SSBN-602 USS Abe Lincoln Patch - Version A

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3.50 (in)
5.00 (in)
0.08 (in)
Sew On
Cut Edge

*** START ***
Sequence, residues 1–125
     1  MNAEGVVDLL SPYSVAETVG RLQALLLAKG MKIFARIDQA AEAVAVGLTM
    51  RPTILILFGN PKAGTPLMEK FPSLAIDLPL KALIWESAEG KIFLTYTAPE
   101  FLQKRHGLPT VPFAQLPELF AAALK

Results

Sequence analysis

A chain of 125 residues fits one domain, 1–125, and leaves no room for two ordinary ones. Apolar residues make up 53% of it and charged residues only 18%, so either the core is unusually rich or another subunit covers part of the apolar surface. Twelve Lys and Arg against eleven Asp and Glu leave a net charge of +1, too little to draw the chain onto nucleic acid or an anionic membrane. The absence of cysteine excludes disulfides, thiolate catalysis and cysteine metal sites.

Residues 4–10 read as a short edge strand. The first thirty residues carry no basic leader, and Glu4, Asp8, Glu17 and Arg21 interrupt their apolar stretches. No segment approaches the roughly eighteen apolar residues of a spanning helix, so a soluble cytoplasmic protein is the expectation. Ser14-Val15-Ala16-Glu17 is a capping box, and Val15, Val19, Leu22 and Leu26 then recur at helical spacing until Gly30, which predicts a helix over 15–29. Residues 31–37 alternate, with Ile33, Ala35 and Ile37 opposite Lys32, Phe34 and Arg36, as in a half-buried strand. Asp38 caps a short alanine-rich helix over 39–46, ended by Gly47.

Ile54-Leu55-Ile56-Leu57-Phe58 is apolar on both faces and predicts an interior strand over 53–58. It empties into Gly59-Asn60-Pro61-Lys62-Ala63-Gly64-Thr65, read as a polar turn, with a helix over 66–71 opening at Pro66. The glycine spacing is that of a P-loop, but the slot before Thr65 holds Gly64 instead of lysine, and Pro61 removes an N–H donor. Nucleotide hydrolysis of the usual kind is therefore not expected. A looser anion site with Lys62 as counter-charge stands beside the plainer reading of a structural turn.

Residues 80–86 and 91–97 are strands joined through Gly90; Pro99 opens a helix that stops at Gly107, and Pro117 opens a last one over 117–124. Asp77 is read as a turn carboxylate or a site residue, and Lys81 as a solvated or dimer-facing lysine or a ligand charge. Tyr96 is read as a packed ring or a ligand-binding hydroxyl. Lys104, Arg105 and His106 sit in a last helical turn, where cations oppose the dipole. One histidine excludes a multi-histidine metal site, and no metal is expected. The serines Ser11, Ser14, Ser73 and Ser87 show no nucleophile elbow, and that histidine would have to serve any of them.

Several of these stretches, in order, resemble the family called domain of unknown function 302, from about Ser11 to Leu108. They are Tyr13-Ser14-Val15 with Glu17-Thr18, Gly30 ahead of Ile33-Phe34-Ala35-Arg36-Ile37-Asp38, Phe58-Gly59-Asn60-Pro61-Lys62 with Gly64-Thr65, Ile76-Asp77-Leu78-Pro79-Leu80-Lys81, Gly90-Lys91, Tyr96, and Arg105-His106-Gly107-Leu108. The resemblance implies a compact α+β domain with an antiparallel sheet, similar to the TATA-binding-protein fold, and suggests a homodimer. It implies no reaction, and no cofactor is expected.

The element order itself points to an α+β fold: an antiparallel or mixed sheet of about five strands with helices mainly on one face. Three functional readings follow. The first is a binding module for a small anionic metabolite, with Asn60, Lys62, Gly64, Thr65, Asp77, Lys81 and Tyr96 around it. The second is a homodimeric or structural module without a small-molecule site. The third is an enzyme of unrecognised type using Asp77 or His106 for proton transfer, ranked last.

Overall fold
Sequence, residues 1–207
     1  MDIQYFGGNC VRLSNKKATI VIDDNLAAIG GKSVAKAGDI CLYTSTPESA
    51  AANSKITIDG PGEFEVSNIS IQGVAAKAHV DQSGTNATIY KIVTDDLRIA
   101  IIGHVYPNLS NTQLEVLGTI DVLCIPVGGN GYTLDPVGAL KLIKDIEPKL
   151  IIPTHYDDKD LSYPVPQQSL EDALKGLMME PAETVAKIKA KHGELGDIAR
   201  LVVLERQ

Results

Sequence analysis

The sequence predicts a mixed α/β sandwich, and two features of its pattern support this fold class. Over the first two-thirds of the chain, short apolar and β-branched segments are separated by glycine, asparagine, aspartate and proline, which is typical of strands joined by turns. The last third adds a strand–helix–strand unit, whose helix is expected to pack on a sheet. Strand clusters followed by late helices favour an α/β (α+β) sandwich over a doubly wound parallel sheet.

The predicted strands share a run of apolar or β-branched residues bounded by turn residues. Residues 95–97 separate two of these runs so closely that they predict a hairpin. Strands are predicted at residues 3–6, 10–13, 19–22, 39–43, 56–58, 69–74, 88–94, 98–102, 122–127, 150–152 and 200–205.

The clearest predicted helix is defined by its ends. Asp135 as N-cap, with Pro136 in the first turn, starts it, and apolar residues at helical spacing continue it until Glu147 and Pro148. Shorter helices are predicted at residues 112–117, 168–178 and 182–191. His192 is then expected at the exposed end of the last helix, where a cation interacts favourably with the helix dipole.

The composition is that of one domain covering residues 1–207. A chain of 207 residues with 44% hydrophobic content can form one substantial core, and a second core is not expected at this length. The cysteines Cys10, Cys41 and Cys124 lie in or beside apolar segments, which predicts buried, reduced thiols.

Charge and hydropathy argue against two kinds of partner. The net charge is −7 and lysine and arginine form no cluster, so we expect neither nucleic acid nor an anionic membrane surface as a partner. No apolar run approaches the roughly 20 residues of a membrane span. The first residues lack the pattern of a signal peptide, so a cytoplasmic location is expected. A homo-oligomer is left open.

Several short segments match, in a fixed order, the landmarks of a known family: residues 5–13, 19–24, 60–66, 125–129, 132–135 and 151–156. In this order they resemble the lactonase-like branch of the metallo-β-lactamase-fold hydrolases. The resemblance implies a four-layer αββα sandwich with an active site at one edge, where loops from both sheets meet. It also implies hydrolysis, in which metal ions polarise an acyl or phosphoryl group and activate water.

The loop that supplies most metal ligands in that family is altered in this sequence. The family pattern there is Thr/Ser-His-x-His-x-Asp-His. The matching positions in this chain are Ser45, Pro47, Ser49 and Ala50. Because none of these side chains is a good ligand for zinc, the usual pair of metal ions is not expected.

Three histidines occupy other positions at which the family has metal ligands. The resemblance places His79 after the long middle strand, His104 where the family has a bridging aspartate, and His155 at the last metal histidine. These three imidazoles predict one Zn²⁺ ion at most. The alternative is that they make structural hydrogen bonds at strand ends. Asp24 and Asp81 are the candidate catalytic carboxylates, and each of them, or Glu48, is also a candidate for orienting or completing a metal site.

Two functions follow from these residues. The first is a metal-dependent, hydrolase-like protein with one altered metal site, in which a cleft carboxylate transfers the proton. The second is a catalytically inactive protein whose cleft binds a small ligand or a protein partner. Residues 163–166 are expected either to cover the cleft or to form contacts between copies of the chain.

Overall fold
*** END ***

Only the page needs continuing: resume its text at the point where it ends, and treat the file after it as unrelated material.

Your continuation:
US NAVY SSBN-602 USS ABE LINCOLN PATCH "A VERSION" THE SHIP USS ABRAHAM LINCOLN is the fifth Fleet Ballistic Missile submarine in the United States and the first to be built at Portsmouth Naval Shipyard, Portsmouth, New Hampshire. LINCOLN was launched on May 14, 1960 with Miss Mary Mary Lincoln Beckwith Lincoln Beckwith, great grand daughter of Abraham Lincoln, acting as sponsor. On March 11, 1961 ABRAHAM LINCOLN was placed in commission. After her shakedown cruise, LINCOLN will go on station with sixteen Polaris missiles on board. The USS ABRAHAM LINCOLN is 380 feet long with a beam of 33 feet and displacement of 5900 tons. LINCOLN is equipped with an air conditioning system, carbon dioxide scrubbers, carbon monoxide-hydrogen burners, electrostatic precipitator, oxygen storage flasks and an electrolytic oxygen generator to maintain the ship's atmosphere healthful for extended periods of submergence. In addition to the sixteen missile tubes located in the missile compartment aft of the sail, LINCOLN has the firepower of six modern torpedo tubes located in the bow compartment. LINCOLN has six staterooms which accommodate twelve officers. There are 100 bunks for the ship's crew located in the bow compartment and lower level operations compartment. Each bunk has a reading lamp and an adjustable ventilation louver. THE MISSILE SYSTEM First missile launch With almost unlimited cruising range and with endurance limited only by the crew, ABRAHAM LINCOLN is capable of extended submerged operation in the international waters of the world which comprise about 70 percent of the earth's surface. The Polaris missiles will be ready for launch within minutes of receiving the command. Mobile, hidden, ready for instant action (or carefully considered delayed action), the FBM system will provide the United States with a powerful deterrent to those who might start global war. Polaris, named for the North Star, is a two stage, solid fuel, ballistic missile about 28 feet long, four and one-half feet in diameter and weighs 28,000 pounds. Range of the missile is 1200 nautical miles (1380 statute miles). Future development will give the missile a range of 1500 nautical miles. The inertial guidance system used in Polaris is a refinement of earlier inertial systems and is the smallest in use in U.S. ballistic missiles. Two positions must be known for success in missile launching: Target and Launcher. In the FBM system this puts great importance on navigation since the position of the launcher is the position of the ship and is continuously changing. Several methods complement each other on ABRAHAM LINCOLN to provide a very high order of accuracy in determining ship's position. Heart of the system is the ship's inertial navigation system (SINS), a complex system of gyroscopes and accelerometers. LINCOLN has three SINS, each checking the other. A variety of equipment is included in the submarine navigation system to provide an all weather capability of checking on the accuracy of SINS. These include both optical and electronic devices. All are highly automated. THE POWER PLANT ABRAHAM LINCOLN is powered by a nuclear power plant which consists of a nuclear reactor with its associated circulating water and steam cycles and auxiliary machinery. The primary system consists of the reactor, identical port and starboard loops of piping, primary coolant pumps and the tubes of the steam generators. Heat is produced in the reactor by nuclear fission and transferred to the circulating primary coolant water which is pressurized to prevent boiling. This water then passes through the steam generator tubes where it transfers its heat to the shell or secondary side of the steam generator where it boils water to form steam. It is then pumped back to the reactor by the primary coolant pumps where it is heated for the next cycle. The secondary system is the steam producing cycle and is made up of the shell side of the steam generators, turbines, condensers and steam generator feed pumps. It is completely isolated from the primary system. Steam rises from the steam generators, then flows back to the engine room where it drives the ship's service turbo generators supplying the ship with electricity, and the main propulsion turbines which drive the propeller. After passing through the turbines the steam is condensed and the water is fed back to the steam generators by the feed pumps. There is no step in the generation of this power which requires the presence of air or oxygen. This allows the ship to operate completely isolated from the atmosphere for extended periods of time. During operation of the nuclear power plant high levels of radiation exist around the reactor. Large quantities of shielding are used so that the average crew member receives less radiation than that which he would receive from natural sources ashore. - FULLY EMBROIDERED FLAT EDGE WITH CLOTH BACKING
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